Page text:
Typhoid

Typhoid

Q. 1 Incorrect statement is:
 A Healthy carriers emerge from subclinical cases
 B The longer the carrier state, the greater the risk to the community
 C Carriers of avirulent organisms are called aseptic carriers
 D In  typhoid  fever,  the  urinary  carrier  is  more dangers than an intestinal carrier
Q. 1 Incorrect statement is:
 A Healthy carriers emerge from subclinical cases
 B The longer the carrier state, the greater the risk to the community
 C Carriers of avirulent organisms are called aseptic carriers
 D In  typhoid  fever,  the  urinary  carrier  is  more dangers than an intestinal carrier
Ans. C

Explanation:

Carriers of avirulent organisms are called aseptic carriers

Carriers of avirulent organisms are called pseudo-carriers. They are not important epidemiologically.


Q. 2

All are true about Typhoid EXCEPT:

 A

Incubation period 10 to 14 days

 B

Most common among males

 C

Carrier are treated by Ampicillin

 D

Highest incidence occurs in 30-40 years age group

Q. 2

All are true about Typhoid EXCEPT:

 A

Incubation period 10 to 14 days

 B

Most common among males

 C

Carrier are treated by Ampicillin

 D

Highest incidence occurs in 30-40 years age group

Ans. D

Explanation:

(Highest incidence occurs in 30-40 years age group)

Typhoid Incubation period 10-14 days

Typhoid cause a typhoid ulcer, in the lower ileum and the risk of perforation is highest in 3rd week of typhoid fever. If the muscle sheath is intact, sarcolemmal tubes containing histiocytes appear along the endomysial tube which, in about 3 months, restores properly oriented muscle fibres e.g. in Zenker’s degeneration of the abdominal musculature in typhoid.


Q. 3

Risk factor for cholangiocarcinoma all except:

 A Chronic typhoid carrier
 B Chronic ulcerative colitis
 C Parasitic infestation
 D Choledocholithiasis
Q. 3

Risk factor for cholangiocarcinoma all except:

 A Chronic typhoid carrier
 B Chronic ulcerative colitis
 C Parasitic infestation
 D Choledocholithiasis
Ans. D

Explanation:

Choledocholithiasis [Ref: Schwartz 9/e p1162 (8/e, p 1215)]

Risk factors for Choangiocarcinoma

– Primary sclerosing cholangitis

– Choledochal cyst – Ulcerative colitis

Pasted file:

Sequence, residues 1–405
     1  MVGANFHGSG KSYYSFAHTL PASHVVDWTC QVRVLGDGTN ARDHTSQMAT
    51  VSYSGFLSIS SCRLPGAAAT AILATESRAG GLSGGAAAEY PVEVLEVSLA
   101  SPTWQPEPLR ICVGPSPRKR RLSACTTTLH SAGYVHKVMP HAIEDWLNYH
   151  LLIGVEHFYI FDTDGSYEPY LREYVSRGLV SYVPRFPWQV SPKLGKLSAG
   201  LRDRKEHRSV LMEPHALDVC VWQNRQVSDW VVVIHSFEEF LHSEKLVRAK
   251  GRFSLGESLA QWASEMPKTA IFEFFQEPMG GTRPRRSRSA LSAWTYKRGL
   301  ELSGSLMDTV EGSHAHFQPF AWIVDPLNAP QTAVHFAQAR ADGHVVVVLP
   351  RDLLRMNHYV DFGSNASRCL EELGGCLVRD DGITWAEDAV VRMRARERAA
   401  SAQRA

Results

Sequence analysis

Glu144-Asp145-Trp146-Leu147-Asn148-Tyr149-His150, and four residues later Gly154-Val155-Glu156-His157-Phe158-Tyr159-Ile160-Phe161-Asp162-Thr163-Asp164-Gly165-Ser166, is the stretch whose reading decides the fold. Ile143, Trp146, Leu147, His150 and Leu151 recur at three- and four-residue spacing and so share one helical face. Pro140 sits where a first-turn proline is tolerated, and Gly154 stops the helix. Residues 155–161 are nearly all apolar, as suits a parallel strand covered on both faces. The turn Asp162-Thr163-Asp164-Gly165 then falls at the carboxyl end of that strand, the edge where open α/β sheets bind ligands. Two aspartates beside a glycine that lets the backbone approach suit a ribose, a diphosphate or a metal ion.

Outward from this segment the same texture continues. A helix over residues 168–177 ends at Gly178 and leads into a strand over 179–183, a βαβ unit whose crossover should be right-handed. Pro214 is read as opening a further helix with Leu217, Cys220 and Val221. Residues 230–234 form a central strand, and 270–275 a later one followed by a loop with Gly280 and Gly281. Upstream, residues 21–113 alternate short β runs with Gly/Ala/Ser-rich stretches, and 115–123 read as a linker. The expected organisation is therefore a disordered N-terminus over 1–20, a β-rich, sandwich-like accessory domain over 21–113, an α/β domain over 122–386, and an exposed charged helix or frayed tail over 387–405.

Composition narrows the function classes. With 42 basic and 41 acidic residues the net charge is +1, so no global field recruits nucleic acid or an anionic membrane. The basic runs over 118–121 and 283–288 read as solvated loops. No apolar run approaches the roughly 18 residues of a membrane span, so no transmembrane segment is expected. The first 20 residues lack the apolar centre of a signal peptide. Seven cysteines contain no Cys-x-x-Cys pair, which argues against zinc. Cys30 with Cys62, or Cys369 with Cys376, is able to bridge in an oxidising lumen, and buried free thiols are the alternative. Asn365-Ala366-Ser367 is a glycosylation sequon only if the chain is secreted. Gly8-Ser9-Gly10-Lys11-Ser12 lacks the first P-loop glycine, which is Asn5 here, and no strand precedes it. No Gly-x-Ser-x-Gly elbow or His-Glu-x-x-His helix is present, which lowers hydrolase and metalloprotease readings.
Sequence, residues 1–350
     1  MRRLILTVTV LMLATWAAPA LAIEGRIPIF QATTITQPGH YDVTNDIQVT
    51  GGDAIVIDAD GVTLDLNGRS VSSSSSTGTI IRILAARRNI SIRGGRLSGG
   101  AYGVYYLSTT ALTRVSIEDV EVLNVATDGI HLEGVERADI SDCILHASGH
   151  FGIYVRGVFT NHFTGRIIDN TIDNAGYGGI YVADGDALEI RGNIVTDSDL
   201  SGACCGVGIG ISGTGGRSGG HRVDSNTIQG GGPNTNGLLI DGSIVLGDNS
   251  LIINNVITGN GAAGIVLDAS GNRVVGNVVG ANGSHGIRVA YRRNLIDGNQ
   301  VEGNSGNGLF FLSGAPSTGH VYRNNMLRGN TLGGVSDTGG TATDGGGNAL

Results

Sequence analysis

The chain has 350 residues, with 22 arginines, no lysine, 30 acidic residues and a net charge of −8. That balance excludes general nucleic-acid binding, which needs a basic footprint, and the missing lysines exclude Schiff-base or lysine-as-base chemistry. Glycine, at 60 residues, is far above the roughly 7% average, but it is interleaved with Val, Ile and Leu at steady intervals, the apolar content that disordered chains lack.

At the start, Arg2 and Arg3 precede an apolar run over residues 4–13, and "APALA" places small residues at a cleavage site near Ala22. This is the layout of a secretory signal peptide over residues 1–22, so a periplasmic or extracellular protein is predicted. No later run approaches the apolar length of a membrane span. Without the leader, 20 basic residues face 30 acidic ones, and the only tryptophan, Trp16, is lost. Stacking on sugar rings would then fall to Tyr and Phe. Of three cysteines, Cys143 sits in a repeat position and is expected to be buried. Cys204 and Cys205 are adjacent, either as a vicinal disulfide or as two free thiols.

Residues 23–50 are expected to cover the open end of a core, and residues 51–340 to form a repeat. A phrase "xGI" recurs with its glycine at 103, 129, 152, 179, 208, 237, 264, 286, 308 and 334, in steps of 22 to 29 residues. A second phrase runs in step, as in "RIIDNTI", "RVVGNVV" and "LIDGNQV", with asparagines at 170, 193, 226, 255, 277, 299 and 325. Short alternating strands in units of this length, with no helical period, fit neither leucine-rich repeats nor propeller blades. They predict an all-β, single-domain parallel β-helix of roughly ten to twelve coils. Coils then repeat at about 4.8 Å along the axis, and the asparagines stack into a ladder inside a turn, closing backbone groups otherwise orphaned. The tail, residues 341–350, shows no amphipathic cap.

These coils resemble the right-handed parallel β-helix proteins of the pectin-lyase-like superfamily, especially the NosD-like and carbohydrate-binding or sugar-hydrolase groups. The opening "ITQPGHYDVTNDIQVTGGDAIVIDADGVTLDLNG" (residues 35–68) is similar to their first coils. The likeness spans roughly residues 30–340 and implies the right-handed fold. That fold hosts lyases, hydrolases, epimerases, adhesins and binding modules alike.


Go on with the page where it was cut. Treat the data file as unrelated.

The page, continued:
– Clonorchis sinensis

– Chronic typhoid carriers

  • · Other risk factors – Hepatolithiasis

– Biliary enteric anastomosis

– Liver flukes

– Dietary nitrosamines

– Exposure to thorotrast, dioxin

 

Mnemonic 5 C’s


Q. 4

What is true about isolation period of enteric fever:

 A

Till three bacteriologically negative stools and urine reports

 B

Upto three days after starting the treatment

 C

Till the fever subsides

 D

Till Widal becomes negative

Q. 4

What is true about isolation period of enteric fever:

 A

Till three bacteriologically negative stools and urine reports

 B

Upto three days after starting the treatment

 C

Till the fever subsides

 D

Till Widal becomes negative

Ans. A

Explanation:

Till three bacteriologically negative stools and urine reports [Ref. Park 20/e, p 111 (19/e p196)]

To prevent the spread of infection, the patients are kept in isolation till three bacteriologically negative stools and urine reports, are obtained on three separate days.

Recommended periods of isolation

Chicken pox – Until lesions have dried and crusted, or until no new lesions appear, usually by the fifth day.

Measles           – For a week from the onset of rash

Mumps          – till 5 days after the onset of parotitis

Diphtheria All cases, suspected cases and carriers should be promptly isolated, for at least 14 days or until proved free of infection. At least 2 consecutive nose and throat swabs, taken 24 hours apart, should be negative before termination isolation.